Starting life as a Huffington Post article entitled Growing Up in Gay in Russia, Wes Hurley went on to turn his touching and insightful autobiographical tale of his family’s journey to America into acclaimed short Little Potato. Co-directed with Nathan M. Miller, Hurley’s 14-minute film has been shared by outlets around the world and won the award for Best Documentary Short at SXSW 2017.
The story of Hurley’s escape from Russia, orchestrated by his devoted Mother, Little Potato recalls how this close-knit family unit fled violent husbands, oppressive employment and barbaric views in search of a better life. With more twists-and-turns than you’d expect to find in a work of fiction, this real-life story may be tinged with darkness, but it is also one surprisingly full of positivity and hope.
After that original article went viral and Hurley received a flood of touching responses from people all over the world, he quickly realised that “life in Russia, especially for gay people, is still very much a mystery to the rest of the world”. Explaining in a Director’s Statement that he feels his story is more relevant the ever, he describes Little Potato as tackling the “American Dream, government corruption, social oppression, Russia-US politics, violence against women, and gay/trans rights”. That’s an impressive array of subjects for a short film.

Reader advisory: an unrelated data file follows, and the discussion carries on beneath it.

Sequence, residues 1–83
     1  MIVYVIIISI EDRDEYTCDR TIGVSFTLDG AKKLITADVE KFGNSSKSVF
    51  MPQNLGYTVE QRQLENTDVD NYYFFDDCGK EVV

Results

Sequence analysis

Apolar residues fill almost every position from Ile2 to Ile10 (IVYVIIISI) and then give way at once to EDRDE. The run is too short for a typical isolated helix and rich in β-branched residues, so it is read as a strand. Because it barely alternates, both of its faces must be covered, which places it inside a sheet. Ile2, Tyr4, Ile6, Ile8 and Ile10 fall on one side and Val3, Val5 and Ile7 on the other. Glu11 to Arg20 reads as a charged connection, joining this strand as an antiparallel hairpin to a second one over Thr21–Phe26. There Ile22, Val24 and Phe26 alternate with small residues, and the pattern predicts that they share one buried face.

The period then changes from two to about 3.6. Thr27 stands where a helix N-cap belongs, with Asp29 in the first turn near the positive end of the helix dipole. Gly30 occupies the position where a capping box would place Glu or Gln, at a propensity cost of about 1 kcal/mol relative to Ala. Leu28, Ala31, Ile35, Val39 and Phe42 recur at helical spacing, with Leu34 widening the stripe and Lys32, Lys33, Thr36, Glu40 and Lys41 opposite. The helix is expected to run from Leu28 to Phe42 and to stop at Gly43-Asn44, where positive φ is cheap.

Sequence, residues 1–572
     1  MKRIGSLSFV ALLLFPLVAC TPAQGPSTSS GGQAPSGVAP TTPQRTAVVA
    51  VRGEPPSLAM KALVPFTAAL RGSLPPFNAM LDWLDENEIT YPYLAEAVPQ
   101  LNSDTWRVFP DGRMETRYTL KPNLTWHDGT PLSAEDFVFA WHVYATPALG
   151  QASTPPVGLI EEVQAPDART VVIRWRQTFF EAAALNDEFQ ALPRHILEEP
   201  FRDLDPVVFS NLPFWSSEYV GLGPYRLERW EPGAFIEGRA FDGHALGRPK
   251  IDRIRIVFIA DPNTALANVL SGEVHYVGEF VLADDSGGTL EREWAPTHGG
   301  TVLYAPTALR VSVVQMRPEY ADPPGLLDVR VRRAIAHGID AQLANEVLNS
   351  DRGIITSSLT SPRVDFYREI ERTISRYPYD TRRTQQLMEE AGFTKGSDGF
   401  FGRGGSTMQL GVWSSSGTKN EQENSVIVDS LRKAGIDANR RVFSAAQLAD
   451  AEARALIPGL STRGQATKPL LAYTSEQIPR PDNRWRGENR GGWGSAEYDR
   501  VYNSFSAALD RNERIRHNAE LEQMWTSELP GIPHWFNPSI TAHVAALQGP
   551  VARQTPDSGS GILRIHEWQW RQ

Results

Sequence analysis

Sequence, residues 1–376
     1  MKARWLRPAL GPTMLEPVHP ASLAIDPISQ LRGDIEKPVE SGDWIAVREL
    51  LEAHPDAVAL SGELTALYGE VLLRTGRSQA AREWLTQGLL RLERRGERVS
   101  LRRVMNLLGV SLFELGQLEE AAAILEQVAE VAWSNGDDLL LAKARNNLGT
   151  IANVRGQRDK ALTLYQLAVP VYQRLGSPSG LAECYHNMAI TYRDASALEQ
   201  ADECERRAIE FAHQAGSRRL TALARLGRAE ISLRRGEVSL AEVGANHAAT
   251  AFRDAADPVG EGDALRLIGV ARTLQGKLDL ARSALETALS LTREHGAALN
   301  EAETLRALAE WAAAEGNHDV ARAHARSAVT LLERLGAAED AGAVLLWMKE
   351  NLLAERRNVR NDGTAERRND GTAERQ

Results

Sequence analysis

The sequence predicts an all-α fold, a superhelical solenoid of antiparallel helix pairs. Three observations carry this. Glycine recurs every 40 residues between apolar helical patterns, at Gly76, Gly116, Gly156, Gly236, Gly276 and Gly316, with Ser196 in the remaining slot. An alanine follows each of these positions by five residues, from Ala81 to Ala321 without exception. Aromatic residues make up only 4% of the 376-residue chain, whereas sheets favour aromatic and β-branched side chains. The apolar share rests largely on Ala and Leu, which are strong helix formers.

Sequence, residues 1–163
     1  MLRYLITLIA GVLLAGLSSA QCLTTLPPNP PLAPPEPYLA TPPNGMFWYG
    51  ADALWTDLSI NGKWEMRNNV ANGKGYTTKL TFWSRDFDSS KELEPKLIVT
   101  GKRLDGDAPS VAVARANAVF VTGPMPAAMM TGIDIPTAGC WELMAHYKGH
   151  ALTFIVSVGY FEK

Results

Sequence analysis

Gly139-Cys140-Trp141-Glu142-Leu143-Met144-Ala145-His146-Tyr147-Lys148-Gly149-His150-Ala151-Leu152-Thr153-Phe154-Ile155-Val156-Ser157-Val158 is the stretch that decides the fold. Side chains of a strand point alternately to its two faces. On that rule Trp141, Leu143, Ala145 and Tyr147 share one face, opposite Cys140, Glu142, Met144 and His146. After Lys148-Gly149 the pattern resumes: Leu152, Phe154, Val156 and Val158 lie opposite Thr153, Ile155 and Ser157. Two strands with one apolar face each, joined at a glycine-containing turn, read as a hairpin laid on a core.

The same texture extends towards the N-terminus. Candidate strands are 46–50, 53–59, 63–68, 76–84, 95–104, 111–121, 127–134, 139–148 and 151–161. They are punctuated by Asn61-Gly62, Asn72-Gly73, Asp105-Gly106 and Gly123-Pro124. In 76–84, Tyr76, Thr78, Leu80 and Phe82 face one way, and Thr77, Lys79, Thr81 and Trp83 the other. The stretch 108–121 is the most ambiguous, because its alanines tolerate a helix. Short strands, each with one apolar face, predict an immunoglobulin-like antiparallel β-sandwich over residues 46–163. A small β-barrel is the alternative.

While the breadth of topics covered in the Little Potato is large, the budget that went into it certainly wasn’t. Made for just $2000, Hurley and Miller get a lot from a little with their creative production. Essentially, told through talking heads, the directorial duo employ back projection, home photos and archival footage to amplify the universal themes of the story and its immersive feel.
Captivating, insightful and full of emotion, it’s easy to see why Little Potato proved so popular at festivals and went on to become a must watch piece online. Alongside the original documentary, Hurley also turned his remarkable story into a VR documentary called Potato Dreams and is now in post-production on the feature-length narrative version Potato Dreams of America, after receiving a $100k grant from Creative Capital